Final exams have begun on Hawk Hill. As I type this, my Young Adult Fiction Writing students are bent over their blue books, outlining the rest of the YA novels they've begun writing this semester. I hope to send them off into the world with the seeds of something they can keep working on in the future--something that will become a whole novel someday or, at the very least, that novel-in-a-drawer so many writers hang onto--the one they cut their teeth on, the apprentice work that enables them to go on to write another, better novel.
In this class we wrote up a storm but we also read four knockout examples of what YA can be and do--John Green's The Fault in Our Stars, Laurie Halse Anderson's Speak, David Levithan's Every Day, and Sara Zarr's How to Save a Life. The students also chose, read and presented on YA novels that spoke to the work they were doing, either thematically or stylistically. That way, in the limited time we had, we could at least gesture toward the wide range of books being written for a young adult audience--and for the not-quite-so-young-adults who read YA.
Over these last fifteen weeks I've gotten invested in the stories my students are telling. This final exam plot-outlining exercise is satisfying for me too, because it gives me a glimpse into the places their novels-in-progress might go, or at least what might have been if our class could keep going. Of course for most the very act of writing will cause the plot outline to mutate. Characters will insist on doing and saying unexpected things, overriding some of what the writer intends. But it's still good to have a map, even if you wind up taking unexpected detours along the way.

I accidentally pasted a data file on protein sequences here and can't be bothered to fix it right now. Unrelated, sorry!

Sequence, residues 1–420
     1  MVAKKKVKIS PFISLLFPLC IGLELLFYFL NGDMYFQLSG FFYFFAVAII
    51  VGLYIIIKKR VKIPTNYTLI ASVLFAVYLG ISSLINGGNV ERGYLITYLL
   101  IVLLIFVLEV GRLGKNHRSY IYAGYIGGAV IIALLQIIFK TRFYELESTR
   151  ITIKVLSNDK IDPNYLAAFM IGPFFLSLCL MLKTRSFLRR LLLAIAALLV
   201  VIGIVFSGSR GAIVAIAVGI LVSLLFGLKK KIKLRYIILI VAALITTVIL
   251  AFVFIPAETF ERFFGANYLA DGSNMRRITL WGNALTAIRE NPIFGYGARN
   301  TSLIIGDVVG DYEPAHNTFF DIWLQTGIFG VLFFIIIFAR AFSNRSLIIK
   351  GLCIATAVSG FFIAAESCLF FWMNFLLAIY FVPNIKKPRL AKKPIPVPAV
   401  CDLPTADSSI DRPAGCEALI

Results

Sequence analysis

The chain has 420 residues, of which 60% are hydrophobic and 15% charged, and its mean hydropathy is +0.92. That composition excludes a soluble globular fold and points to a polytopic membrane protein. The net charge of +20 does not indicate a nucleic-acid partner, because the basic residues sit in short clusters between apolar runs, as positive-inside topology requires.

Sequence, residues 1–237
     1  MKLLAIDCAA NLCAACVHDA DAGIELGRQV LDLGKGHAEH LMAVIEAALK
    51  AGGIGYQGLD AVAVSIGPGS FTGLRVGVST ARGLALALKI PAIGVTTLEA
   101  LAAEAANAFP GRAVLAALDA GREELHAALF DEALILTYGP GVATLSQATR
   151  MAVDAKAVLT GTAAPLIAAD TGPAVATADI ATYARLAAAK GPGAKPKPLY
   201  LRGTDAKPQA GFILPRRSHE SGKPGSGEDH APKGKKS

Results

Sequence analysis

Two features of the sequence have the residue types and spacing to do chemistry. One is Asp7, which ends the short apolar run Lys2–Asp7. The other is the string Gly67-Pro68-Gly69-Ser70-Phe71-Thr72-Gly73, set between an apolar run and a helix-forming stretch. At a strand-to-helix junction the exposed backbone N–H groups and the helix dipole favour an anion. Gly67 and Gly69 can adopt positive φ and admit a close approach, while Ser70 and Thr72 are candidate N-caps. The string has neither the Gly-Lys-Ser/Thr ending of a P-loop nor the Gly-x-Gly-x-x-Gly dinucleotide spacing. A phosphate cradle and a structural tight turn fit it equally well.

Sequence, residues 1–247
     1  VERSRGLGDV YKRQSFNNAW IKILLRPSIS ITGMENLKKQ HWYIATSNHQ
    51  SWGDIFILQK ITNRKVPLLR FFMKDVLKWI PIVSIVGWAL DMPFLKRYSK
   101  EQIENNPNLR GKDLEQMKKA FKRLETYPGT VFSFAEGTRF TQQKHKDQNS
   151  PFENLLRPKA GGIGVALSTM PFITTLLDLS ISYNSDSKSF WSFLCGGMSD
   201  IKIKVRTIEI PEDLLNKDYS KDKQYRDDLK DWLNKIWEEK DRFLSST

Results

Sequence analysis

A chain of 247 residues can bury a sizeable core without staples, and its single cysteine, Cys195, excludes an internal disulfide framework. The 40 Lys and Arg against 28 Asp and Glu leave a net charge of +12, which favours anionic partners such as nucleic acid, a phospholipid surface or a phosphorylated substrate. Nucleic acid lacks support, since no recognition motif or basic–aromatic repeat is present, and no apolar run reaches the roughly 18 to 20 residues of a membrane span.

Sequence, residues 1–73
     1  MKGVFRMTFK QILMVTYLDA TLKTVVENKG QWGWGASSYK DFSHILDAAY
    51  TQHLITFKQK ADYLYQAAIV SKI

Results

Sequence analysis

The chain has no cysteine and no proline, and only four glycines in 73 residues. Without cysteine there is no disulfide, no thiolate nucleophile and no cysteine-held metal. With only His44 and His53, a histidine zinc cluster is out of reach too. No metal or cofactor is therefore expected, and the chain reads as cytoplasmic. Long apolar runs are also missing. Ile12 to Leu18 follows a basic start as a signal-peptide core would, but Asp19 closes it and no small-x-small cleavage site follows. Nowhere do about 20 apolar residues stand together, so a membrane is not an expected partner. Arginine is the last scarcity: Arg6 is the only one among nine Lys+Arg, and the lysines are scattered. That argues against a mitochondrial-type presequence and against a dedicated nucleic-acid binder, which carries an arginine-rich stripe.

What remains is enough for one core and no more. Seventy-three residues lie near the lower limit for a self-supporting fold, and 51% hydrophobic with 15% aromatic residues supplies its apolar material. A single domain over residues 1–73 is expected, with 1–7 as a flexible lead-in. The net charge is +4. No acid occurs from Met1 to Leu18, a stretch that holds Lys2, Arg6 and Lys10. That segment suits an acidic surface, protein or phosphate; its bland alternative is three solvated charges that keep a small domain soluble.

On a related note: if you're working on a YA novel of your own, or if you want to get started on one, please follow this link to the homepage of the Nightsun Writers Conference where I'll be leading a workshop on the Young Adult novel in July.